The Autobiography of Eleanor Roosevelt Summary & Study Guide

Blanche Wiesen Cook
This Study Guide consists of approximately 27 pages of chapter summaries, quotes, character analysis, themes, and more - everything you need to sharpen your knowledge of The Autobiography of Eleanor Roosevelt.
This section contains 460 words
(approx. 2 pages at 400 words per page)
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The Autobiography of Eleanor Roosevelt Summary & Study Guide Description

The Autobiography of Eleanor Roosevelt Summary & Study Guide includes comprehensive information and analysis to help you understand the book. This study guide contains the following sections:

This detailed literature summary also contains Topics for Discussion and a Free Quiz on The Autobiography of Eleanor Roosevelt by Blanche Wiesen Cook.

The Autobiography of Eleanor Roosevelt by Eleanor Roosevelt is the author's story of her life. Eleanor lived a long and full life from 1882 to 1962. She lived her life the way she wanted according to her own beliefs. The book illustrates her development as a person, from a shy young girl to a respected figure on the international scene. She was sought after by heads of state and royalty.

Orphaned at an early age, she was raised by her grandmother and other relatives. After attending boarding school in England and traveling through Europe, she returns to New York for her "coming out." She meets a dashing young law student named Franklin Roosevelt, who is a very distant relative. She is engaged at nineteen and married soon after.

Eleanor, coming from a privileged background, must learn how to cook, manage a household and raise children. At first, she relies totally on her mother-in-law to make her decisions. But Franklin is interested in politics, which thrusts the shy Eleanor into the public view. She learns how to deal with it and develops into her own person, with her own views and making her own decisions.

Her life centered around her husband and children. She supported Franklin in whatever he did, feeling that this was the proper role for a wife. Many times she did not even ask what his plans were or discuss any of his plans. No matter what her personal preferences were, she supported her husband in whatever he chose to do, as he moved through the ranks of New York democratic politics to his three terms as U.S. President.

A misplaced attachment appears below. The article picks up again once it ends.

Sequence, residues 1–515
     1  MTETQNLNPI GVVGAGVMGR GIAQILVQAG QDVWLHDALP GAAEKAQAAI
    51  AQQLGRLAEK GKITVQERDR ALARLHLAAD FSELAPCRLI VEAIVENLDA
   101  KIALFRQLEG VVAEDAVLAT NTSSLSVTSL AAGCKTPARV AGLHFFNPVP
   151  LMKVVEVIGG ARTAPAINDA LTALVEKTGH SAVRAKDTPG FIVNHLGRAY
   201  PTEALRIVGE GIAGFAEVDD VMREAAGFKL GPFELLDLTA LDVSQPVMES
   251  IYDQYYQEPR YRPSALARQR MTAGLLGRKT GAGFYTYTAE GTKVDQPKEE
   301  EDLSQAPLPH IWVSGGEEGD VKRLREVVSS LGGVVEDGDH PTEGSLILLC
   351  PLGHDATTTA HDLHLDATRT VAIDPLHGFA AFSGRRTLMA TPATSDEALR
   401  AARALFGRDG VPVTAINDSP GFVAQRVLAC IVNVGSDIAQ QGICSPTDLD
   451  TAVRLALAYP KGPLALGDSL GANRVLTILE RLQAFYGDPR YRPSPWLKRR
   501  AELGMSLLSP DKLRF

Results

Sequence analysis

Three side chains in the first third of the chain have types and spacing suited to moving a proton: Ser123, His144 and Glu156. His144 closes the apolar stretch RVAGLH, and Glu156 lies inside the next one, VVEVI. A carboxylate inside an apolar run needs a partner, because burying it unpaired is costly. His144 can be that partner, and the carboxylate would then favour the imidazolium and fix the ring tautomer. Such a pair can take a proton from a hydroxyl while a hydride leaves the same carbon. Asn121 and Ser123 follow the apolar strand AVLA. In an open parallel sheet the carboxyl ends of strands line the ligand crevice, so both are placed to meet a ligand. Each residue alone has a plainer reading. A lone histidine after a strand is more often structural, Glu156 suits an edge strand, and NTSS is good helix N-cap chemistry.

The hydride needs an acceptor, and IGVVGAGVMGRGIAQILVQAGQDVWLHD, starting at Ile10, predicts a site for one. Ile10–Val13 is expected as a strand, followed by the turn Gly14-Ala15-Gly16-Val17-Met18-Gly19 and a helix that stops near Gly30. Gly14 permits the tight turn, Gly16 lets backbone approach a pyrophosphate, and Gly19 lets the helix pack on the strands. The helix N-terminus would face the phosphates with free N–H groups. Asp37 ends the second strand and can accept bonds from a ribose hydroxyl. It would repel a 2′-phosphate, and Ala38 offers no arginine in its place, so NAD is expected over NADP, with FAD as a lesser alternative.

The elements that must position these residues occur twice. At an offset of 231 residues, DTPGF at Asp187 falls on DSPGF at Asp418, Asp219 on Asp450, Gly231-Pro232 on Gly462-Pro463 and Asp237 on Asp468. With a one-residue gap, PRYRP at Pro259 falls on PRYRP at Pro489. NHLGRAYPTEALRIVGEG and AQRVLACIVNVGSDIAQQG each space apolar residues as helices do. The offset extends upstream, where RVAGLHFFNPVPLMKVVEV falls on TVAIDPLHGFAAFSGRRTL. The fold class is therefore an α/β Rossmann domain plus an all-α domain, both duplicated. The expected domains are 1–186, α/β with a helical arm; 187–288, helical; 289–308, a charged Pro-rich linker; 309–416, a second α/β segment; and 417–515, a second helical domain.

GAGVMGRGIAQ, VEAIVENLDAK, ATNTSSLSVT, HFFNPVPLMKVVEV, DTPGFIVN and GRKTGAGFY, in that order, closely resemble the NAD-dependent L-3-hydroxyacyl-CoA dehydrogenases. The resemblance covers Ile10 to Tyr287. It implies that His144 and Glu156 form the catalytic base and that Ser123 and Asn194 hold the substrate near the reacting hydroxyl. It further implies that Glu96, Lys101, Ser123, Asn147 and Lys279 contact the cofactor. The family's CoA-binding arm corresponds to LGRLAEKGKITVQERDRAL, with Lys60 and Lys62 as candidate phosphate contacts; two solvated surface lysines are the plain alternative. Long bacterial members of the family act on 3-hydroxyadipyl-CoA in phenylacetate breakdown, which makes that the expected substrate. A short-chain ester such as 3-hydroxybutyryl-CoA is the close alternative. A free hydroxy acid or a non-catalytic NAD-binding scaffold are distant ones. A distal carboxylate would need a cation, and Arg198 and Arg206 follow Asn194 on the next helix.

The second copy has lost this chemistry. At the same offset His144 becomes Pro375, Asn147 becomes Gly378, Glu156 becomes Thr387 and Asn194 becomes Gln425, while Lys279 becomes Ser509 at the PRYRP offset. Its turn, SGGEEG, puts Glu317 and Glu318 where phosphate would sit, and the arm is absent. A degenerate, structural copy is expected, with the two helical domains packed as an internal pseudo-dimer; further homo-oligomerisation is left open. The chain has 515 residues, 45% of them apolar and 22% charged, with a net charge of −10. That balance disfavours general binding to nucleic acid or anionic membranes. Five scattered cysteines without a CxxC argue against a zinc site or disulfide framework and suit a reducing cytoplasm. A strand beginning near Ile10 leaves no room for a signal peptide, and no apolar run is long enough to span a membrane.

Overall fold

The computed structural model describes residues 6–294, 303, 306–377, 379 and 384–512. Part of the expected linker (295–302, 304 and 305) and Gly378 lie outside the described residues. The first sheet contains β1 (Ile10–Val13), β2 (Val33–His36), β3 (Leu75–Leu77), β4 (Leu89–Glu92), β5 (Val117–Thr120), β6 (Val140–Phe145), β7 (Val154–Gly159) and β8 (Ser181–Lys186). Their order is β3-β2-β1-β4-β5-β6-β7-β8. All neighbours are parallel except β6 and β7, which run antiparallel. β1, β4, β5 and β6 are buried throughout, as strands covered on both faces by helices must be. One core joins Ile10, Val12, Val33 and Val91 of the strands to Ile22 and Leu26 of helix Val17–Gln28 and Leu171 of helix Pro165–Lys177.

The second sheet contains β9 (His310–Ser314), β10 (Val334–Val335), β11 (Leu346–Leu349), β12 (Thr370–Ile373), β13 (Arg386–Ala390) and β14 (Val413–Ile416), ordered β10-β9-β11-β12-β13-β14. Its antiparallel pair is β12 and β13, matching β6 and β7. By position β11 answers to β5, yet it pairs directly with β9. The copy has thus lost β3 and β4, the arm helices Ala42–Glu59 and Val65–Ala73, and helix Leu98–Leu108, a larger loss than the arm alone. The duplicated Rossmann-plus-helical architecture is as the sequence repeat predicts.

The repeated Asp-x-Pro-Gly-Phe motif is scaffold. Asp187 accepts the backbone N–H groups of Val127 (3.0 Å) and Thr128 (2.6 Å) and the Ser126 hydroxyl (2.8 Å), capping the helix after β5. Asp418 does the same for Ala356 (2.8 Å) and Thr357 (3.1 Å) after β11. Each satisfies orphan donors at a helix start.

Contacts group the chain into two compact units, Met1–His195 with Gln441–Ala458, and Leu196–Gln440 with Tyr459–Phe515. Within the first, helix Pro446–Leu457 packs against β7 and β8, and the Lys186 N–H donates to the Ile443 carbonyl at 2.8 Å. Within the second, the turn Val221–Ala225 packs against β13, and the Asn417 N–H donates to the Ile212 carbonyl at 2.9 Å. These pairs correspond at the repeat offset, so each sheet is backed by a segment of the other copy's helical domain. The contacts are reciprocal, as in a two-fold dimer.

Eleanor came into her own after Franklin's death when she had to be independent and makes her own decisions. She was named a delegate to the United Nations and served as the Chairman of the Commission on Human Rights. Throughout her life, she wrote a newspaper column and remained active in the Democratic Party.

She traveled around the world, meeting heads of state and royalty in her travels and at the White House and at Hyde Park. Basically a pacifist, Eleanor's objective in life was to work for world peace, and this was often the reason for her travels during both times of war and peace. She cared about people and tried to help improve their living conditions.

Throughout the book Eleanor gives her views about the many public figures she met during her life. The book is about her travels and the various people she has met. She does present her views about many topics such as war, Communism and its dangers, and the conditions of the places she has visited. The reader watches her develop into a strong person over the course of the book and into the great lady that she became.

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This section contains 460 words
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